In a first-round matchup against No. 8 Franklin Regional, Peters Township posted its fifth shutout of the season in a commanding 35-0 victory. Meanwhile, Moon outlasted Gateway in arguably the most exciting game of the opening round, with a late interception in the end zone sealing the Tigers’ 35-31 win inside enemy territory. Moon used its powerful rushing attack to wear down the Gators’ defense and grind out the win behind 165 yards rushing and three TDs from senior Josh Bladel.
Many are likely expecting another one-sided verdict in the Indians’ favor, as Peters Township boasts the highest-scoring offense in all of Class 5A (40 ppg) coupled with the No. 1 scoring defense in the entire WPIAL (5.9 ppg). Needless to say, it will take a miraculous effort for the Tigers to pull off what would be a monumental upset — but anything is possible come playoff time.
After getting a week of rest following the regular season, the four Class 6A championship hopefuls will return to the field on Friday for a pair of WPIAL semifinal showdowns. No. 1 Central Catholic (9-1) takes on No. 4 Mt. Lebanon (5-5) at Fox Chapel High School, while No. 2 North Allegheny (9-1) hosts No. 3 Canon-McMillan (6-4), with both games beginning at 7 p.m.
The Vikings and Tigers each lay claim to two of the area’s most explosive offenses, with Central ranking No. 3 in the WPIAL in scoring (45.7 ppg) and North Allegheny ranking No. 4 (45.5 ppg). Most are expecting the two perennial powers to meet once again in the WPIAL title game in a rematch of last year’s Class 6A final won by the Tigers, 35-21, but both teams have business to take care of first.
For the Vikings, a rematch against the Blue Devils is on tap after Central won the first meeting in a 49-0 blowout at Mt. Lebanon on Sept. 15. The rematch could be equally lopsided, as the new-look Vikings have proven to be the cream of the crop in Class 6A all season long.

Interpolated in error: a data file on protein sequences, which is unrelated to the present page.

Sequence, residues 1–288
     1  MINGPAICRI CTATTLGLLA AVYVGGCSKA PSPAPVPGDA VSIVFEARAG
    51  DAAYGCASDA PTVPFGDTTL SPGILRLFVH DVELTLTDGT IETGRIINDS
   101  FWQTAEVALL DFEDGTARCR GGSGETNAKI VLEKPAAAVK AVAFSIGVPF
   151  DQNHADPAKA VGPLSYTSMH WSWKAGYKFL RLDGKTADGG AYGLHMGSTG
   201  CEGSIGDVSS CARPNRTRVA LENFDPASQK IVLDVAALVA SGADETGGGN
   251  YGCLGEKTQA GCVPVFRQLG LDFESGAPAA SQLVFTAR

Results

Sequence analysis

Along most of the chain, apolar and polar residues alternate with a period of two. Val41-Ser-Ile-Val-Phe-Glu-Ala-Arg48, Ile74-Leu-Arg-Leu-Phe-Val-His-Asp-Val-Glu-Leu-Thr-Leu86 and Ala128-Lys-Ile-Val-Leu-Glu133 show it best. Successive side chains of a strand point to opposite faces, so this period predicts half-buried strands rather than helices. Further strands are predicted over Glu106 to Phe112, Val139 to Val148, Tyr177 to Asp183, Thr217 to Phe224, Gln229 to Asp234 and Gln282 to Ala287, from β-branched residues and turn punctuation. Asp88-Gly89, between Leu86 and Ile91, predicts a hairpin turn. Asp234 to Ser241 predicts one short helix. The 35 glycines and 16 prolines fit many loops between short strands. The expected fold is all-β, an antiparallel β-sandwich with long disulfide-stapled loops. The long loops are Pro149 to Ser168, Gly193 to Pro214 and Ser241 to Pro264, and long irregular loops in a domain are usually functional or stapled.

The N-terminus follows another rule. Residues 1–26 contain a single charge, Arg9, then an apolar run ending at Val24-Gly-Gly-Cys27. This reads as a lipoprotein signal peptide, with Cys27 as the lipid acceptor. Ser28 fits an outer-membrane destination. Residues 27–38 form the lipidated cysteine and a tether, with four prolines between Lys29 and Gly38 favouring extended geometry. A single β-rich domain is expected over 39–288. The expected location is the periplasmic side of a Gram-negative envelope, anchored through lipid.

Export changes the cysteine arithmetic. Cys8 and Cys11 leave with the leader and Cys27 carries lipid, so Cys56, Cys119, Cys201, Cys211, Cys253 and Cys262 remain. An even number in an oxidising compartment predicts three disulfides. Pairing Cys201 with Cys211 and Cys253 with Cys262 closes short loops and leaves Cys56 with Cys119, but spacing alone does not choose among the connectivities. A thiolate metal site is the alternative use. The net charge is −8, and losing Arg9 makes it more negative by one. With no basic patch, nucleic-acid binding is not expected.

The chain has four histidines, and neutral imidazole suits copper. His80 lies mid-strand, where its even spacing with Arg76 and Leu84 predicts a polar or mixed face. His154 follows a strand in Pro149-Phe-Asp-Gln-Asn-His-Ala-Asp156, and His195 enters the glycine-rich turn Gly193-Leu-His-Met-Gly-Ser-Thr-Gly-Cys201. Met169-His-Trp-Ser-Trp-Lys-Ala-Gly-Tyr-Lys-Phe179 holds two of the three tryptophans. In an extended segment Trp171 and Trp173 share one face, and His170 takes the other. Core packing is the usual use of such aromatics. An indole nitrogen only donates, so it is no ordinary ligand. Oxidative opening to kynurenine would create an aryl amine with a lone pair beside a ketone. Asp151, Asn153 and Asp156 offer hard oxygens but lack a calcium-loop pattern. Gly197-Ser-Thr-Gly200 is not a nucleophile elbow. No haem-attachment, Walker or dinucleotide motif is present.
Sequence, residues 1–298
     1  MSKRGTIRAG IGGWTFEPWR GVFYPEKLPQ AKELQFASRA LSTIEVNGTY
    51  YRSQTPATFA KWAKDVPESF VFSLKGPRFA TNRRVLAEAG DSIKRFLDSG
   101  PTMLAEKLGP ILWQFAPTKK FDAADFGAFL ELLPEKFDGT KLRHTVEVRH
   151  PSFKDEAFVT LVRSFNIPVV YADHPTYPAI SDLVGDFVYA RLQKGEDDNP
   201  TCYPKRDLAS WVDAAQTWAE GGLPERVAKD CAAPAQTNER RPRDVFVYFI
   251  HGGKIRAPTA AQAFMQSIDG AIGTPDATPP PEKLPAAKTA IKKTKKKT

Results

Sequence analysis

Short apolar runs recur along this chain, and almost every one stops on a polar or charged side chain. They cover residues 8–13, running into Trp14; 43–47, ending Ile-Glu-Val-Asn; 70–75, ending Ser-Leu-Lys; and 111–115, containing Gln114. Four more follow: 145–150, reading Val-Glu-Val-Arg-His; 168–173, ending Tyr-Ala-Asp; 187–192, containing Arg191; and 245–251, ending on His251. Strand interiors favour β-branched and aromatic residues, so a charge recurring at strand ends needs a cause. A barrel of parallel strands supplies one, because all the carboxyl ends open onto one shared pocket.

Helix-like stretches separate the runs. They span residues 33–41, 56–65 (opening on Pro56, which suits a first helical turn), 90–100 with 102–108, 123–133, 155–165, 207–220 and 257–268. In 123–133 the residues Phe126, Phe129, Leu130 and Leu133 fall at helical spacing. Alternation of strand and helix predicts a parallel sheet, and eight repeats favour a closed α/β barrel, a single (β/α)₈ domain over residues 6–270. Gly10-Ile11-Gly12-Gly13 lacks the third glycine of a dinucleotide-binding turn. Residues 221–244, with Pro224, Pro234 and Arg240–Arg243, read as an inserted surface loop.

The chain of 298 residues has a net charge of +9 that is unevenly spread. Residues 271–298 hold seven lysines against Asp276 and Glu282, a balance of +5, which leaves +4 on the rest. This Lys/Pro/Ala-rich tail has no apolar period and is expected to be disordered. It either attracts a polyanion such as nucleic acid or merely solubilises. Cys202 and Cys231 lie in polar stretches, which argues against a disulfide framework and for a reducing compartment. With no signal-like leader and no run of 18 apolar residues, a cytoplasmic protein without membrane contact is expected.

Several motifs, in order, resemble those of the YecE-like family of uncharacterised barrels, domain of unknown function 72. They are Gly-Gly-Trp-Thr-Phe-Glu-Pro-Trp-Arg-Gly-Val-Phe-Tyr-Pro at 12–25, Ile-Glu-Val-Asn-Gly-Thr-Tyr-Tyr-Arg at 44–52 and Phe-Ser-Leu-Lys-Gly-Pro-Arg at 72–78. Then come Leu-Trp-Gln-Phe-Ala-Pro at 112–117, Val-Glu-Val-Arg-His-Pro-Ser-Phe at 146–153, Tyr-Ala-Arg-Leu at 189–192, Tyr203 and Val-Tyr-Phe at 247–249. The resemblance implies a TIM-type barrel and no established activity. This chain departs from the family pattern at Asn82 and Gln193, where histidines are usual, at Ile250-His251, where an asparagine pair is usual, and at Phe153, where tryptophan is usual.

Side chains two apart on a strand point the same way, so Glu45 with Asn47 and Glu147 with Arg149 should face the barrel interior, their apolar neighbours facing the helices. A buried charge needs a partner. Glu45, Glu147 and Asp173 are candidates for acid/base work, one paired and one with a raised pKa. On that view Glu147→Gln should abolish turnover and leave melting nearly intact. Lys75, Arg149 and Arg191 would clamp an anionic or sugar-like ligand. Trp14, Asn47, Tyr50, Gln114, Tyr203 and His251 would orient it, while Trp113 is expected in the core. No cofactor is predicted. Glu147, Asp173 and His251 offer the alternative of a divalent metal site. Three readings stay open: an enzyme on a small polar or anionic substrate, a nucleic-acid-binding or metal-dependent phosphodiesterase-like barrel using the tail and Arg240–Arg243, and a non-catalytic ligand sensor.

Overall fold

Senior quarterback Payton Wehner finished second in the WPIAL during the regular season with 2,456 yards passing and threw 32 touchdowns to go with only four interceptions, and senior running back Elijah Faulkner rushed for 1,152 yards and 17 scores. Penn State recruit Peter Gonzalez headlines an ultra-talented receiving corps for Central after catching 34 passes for 891 yards and 12 TDs during the regular season, while fellow senior Vernon Settles hauled in a team-leading 39 passes for 611 yards and eight TDs. Senior running back Fred LaSota has been the Blue Devils’ most productive player on offense, finishing the regular season with 474 yards rushing and six TDs.
North Allegheny might face a bit of a tougher test in its semifinal showdown with the Big Macs, although the Tigers did cruise to a 30-6 win in their first meeting on Sept. 1. Since a 50-22 loss against Central on Sept. 22, North Allegheny has won five games in a row entering the postseason, with all five wins coming by 25 points or more.
One of the district’s most underrated signal callers, Tigers quarterback Logan Kushner passed for 1,207 yards and 17 touchdowns with just three interceptions during the regular season, and he also rushed for a team-leading 755 yards along with 12 TDs on the ground. Senior running back Tyree Alualu wasn’t far behind, finishing with 748 yards rushing and 15 TDs, and senior receiver Khiryn Boyd led the team with 20 receptions for 448 yards to go with 10 TDs. As for Canon-Mac, a big game from senior running back Zach Welsh could be the key to pulling off the upset. Welsh rushed for 1,291 yards (tops in Class 6A) and 10 touchdowns during the regular season.